At this point in the season we anticipate a run much the size of what was experienced in 2015. While this was good return, the fish were not as “catchable” for trollers as we would have anticipated for that abundance. The conditions of “catchability” will vary with everyone you ask, but generally moderate weather means the fish are not in a hurry and are more vulnerable to troll. The weather is moderate right now…and then, there will be new theories after this season. The peak of the run is about 10 days to two weeks away and there can be a good abundance available to trollers into August.
We will update this report weekly.


Neets Bay Chum Troll, 4 July 2016:
The chum troll season started early in 2016 with 15 or 16 boats participating off and on through the past week or 10 days. As noted elsewhere, the chum have appeared earlier than usual this year. Likewise the SSRAA Board left the outer portion of the SHA open to only trollers for most of the spring. This has been a better opportunity which some trollers have accessed.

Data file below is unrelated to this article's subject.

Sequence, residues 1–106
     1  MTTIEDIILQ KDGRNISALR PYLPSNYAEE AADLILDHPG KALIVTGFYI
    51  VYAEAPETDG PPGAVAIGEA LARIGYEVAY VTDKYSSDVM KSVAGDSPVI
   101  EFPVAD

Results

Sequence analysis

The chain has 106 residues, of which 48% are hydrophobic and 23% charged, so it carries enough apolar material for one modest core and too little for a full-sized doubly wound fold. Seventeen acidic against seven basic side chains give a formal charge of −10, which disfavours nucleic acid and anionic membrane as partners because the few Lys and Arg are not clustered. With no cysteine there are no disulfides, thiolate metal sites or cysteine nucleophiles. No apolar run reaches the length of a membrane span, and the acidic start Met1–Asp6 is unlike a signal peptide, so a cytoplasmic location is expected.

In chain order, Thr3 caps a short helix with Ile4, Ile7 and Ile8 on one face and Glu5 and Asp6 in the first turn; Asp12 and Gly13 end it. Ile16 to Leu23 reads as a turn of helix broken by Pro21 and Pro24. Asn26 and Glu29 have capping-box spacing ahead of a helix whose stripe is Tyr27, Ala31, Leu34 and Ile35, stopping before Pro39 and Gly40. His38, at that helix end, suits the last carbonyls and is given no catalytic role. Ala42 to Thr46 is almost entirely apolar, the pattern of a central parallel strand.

To date there only one processor is tendering the fishery, but several others will likely join soon. About 106,000 pounds (10,000 fish) have been harvested through yesterday, 3 July. The current rate of catching is a little more than 1,000 pounds a boat/day.
As is always the case with chum trolling, the 2016 return looks strong, but the real question is whether the fish will be catchable. Whatever the case going forward, the Neets Bay chum troll fishery has had an early, relatively successful, start in 2016.
We will track daily harvest and participation and report weekly on this page.